http://www.oregonkni...letter 0710.pdf


Yes, based upon that article, I was under the same impression. I would snag ones if I came across them anyway as I have decided to not restrict myself to WWII era when collecting Camillus knives. I have a nice 1967 dated U.S. marked pocket knife and I have my eye on a 1967 dated Camillus Navy Pilot's knife with leather sheath and sharpening stone.

Tim

Edited by tsellati, 14 July 2010 - 03:37 AM.


#9 Catfishcraig

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Posted 14 July 2010 - 10:34 AM

According to all the references that I have, only two companies made the WW2 stainless steel 4 blade pocket knife Knife, Pocket, General Purpose (ancestor of todays MIL-K 818). These were Kingston (a "paper" company which was the joint production of Imperial and Ulster), and Stevenson Manufacturing of Rochester, New York.

Kingston had both USMC and Army contracts, while Stevenson had only an Army contract. So all U.S. Marine Corps marked knives are made by Kingston. Early ones are like the one in the photo, with the screwdriver blade on the same end as the Master blade, while later ones had it on the opposite end like the MIL-K 818. Some are marked Kingston on the bail/clevis/shackle (take your choice) while others are unmarked. As far as I can see, the Army version (which is later than the Marine) all had the screwdriver blade on the opposite end to the Master.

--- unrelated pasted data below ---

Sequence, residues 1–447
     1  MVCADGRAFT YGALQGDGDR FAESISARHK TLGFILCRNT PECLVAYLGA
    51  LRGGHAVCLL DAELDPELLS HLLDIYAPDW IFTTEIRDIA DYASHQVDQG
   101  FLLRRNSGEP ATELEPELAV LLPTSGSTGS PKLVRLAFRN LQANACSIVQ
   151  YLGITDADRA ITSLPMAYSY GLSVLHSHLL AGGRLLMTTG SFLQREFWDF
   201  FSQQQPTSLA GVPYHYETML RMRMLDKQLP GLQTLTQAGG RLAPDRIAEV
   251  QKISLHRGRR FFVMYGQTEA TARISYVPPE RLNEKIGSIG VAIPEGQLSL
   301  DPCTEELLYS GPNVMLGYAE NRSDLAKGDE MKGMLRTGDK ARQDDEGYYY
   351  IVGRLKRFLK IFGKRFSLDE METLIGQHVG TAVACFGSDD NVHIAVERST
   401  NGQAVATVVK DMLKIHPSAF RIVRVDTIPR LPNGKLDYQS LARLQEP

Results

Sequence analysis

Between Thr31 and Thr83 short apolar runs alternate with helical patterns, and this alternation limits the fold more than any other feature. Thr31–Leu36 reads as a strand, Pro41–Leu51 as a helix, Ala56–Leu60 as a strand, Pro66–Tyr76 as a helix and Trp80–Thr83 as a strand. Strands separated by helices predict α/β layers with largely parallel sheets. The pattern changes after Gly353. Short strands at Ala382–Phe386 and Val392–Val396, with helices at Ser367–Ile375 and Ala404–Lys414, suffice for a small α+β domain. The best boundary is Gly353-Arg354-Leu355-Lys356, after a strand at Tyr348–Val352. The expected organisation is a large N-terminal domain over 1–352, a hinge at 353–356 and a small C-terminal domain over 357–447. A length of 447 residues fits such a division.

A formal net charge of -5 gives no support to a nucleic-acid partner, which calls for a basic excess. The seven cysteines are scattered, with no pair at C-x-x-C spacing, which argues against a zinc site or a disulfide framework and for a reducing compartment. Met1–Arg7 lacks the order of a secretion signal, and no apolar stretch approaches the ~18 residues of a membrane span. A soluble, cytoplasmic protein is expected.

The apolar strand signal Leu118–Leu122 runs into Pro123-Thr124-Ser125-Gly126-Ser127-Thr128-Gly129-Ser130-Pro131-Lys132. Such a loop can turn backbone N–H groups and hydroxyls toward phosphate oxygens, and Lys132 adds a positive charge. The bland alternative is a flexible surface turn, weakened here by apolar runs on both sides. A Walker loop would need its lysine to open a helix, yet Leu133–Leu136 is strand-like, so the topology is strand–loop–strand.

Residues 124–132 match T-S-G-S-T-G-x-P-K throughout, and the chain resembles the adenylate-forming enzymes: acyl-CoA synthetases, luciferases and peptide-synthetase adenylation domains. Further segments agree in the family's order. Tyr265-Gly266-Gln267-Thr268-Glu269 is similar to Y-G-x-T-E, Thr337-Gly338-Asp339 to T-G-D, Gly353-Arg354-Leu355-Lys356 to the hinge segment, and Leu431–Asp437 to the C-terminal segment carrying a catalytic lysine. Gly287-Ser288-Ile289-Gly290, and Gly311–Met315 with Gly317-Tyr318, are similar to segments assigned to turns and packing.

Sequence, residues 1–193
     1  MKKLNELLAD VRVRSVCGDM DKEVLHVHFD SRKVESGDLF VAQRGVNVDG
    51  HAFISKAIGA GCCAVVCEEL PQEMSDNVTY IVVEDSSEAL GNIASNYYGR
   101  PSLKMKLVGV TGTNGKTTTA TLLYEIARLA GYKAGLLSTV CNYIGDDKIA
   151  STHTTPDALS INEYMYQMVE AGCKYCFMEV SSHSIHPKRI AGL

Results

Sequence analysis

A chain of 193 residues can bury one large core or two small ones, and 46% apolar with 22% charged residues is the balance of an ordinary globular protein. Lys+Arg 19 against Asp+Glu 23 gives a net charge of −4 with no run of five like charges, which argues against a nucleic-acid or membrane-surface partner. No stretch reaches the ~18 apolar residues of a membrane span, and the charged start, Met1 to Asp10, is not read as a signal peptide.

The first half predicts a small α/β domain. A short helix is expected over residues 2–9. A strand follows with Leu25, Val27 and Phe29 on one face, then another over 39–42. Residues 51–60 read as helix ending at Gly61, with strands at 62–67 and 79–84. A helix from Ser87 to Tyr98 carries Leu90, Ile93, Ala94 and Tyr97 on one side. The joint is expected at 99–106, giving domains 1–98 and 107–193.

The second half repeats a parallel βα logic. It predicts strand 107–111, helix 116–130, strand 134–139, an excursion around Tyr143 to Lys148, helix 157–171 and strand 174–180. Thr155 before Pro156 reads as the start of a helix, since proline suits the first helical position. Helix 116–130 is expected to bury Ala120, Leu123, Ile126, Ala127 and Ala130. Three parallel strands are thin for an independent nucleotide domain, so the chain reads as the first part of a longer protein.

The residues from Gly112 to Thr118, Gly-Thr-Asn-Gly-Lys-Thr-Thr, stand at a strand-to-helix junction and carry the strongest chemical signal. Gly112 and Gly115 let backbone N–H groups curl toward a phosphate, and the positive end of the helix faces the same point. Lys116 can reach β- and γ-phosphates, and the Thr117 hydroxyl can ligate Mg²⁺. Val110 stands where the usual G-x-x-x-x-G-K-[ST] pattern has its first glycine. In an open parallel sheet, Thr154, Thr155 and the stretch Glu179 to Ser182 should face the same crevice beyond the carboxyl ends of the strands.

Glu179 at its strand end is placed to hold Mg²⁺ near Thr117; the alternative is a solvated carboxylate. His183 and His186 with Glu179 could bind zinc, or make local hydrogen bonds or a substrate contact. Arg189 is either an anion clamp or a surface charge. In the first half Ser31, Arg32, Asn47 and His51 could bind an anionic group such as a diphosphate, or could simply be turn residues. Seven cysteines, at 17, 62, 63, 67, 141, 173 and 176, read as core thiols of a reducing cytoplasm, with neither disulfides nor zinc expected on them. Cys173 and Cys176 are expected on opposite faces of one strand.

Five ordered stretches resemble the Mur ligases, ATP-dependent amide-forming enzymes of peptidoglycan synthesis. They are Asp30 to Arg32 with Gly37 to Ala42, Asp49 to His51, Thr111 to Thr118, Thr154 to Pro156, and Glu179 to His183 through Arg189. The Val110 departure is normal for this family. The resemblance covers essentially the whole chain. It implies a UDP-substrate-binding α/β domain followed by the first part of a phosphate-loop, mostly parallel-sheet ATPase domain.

Camillus did not make these in WW2. They did some work with them in 1949 but apparently did not actually furnish any to the military. The earliest of the MIL-K 818 knives were made by Camillus in 1957, although in my experience that date is relatively hard to find.

http://img.photobucket.com/albums/v97/bayonetman/Knives/Pocket/DSC00001.jpg

http://img.photobucket.com/albums/v97/bayonetman/Knives/Pocket/DSC00001-1.jpg



I found a variation of this knife and want to know what you think. I don't have a picture bur it reads "US MARINE CORPS" on the side with no other markings. the screwdriver is on the oposite side of the main blade and there is no bail attached (it looks like there never was). Have you seen this variation and would it have been Marine issued?

Thanks for the help.